Friday, October 28, 2016

Shake it Off.

It's Friday, and I hit the "Finalize Grades" button for the first quarter slightly before 3 pm.  Grades these days are instantaneous -- the kids get an update on their phones whenever grades are put into Powerschool, the electronic gradebook our district uses.  Students were dismissed at 12:50, allowing teachers to finish grades, work ethic letters, and comments in the two hours and 10 minutes before the official final buzzer, signaling the end of the first marking period.

Of course, working in a high school there are a fair number of students who never left the building today, staying after school in preparation for the pre-football game carnival, or the movie in the auditorium for the freshmen, or to pop into my room and BEG for ONE MORE CHANCE to revise that last assignment for a better grade.

So how can students (and parents) survive the inevitable delivery of the first quarter grades?  Let's face it.  That instant update on the cellphones should reason that no one should be surprised by grades, yet somehow there is always some plea for leniency at the almighty "end of the marking period."  Whatever the grades are mid-semester, there are an equal number of days ahead as there are behind, to change the course of human events.
Clearly there will be curfews that will be shortened, and allowances that may take a hit or two, but the change has to come from within. 

Deep, deep within.

 Mindset Shakeup.

For some kids, the less than stellar grades are directly attributed to less than stellar amounts of time dedicated to the cause.  To others, it's about the process of spending more time convincing oneself that one is incapable of learning the concepts being taught.  Carol Dweck refers to this phenomenon as a Fixed Mindset. The good news is that there are many ways to nudge that stuck cog back into working order.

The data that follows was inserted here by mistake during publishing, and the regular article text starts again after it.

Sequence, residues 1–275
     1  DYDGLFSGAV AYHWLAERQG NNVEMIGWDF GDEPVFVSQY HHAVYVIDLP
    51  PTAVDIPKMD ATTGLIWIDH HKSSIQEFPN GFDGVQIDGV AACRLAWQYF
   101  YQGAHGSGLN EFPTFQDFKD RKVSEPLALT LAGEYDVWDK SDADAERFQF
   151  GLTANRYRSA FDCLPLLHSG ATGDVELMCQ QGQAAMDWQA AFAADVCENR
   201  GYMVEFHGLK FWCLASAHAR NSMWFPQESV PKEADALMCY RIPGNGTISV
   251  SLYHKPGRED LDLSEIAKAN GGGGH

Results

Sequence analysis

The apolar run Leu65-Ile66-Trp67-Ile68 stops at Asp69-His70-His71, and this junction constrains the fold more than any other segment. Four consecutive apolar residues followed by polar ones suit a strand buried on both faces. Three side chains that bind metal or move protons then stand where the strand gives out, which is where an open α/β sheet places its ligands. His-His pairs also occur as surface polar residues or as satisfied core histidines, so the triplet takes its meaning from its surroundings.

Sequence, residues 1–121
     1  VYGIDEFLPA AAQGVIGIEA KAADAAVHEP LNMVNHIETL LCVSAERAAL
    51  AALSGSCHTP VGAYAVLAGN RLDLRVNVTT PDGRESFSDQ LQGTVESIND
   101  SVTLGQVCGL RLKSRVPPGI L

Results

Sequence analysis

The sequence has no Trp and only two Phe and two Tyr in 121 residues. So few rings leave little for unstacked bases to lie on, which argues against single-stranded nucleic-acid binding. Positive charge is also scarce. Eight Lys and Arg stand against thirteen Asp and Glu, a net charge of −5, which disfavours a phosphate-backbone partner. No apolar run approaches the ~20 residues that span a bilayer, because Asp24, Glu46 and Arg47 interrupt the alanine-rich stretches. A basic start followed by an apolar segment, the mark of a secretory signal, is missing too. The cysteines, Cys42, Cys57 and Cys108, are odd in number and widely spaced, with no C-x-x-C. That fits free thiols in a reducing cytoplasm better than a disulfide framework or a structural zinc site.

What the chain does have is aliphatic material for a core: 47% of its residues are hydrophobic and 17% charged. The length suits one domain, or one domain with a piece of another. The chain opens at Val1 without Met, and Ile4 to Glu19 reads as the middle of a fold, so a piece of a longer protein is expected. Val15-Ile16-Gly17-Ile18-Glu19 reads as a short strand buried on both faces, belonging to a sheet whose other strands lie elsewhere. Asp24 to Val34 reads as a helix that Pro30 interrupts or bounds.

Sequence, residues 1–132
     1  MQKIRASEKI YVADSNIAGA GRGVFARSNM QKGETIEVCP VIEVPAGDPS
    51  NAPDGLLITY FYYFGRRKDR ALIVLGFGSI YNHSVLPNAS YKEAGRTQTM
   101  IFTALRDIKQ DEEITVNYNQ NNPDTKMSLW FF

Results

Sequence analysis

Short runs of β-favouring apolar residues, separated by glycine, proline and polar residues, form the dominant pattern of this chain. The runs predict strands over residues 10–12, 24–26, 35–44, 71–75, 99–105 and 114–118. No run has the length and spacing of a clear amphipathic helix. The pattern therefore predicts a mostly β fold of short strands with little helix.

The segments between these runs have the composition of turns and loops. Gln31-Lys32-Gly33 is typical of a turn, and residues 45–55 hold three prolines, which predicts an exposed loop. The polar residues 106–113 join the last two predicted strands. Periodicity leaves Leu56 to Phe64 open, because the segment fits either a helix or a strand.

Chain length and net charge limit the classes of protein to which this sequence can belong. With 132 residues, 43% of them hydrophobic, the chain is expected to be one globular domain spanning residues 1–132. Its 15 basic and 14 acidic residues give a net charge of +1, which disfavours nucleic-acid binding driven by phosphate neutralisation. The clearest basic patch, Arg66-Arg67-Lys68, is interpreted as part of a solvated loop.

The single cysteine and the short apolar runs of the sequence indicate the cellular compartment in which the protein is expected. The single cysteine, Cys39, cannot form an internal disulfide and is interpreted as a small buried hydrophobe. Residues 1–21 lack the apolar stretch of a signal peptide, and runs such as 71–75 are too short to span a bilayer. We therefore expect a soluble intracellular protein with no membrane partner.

A few weeks ago, a member of my grad class talked about her strategy for success in the mathematics class she teaches at a local community college.  Her midterm exam consists of two parts, and an intermission.  After the first half of the test, she distributes paper and asks her students to clear their mind, and to write, list, or draw their frustrations about math.  For ten full minutes, they curse, cry, scribble, list, draw, and whatever else, all that stands between them and success.  Then they are invited to crumble and toss all of that away, breathe a bit, and tackle the second half with renewed energy.

I love this idea. I think it is a brilliant way to create a visual representation and outlet for feelings that need to be somewhere other than bottled up inside.  The results?  The average of the mathphobic students who participate in this model score better than those who don't.

And guess what?  The weekend between the marking periods, midway through the semester is just like that blank piece of paper waiting for the frustrations to be unloaded.  It's one of the blessings of teaching school -- there are so many natural breaks, that a clean slate can happen with very little shaking up at all.  

So, as Taylor Swift reminds us, "Shake it Off."  We're heading into the second half.


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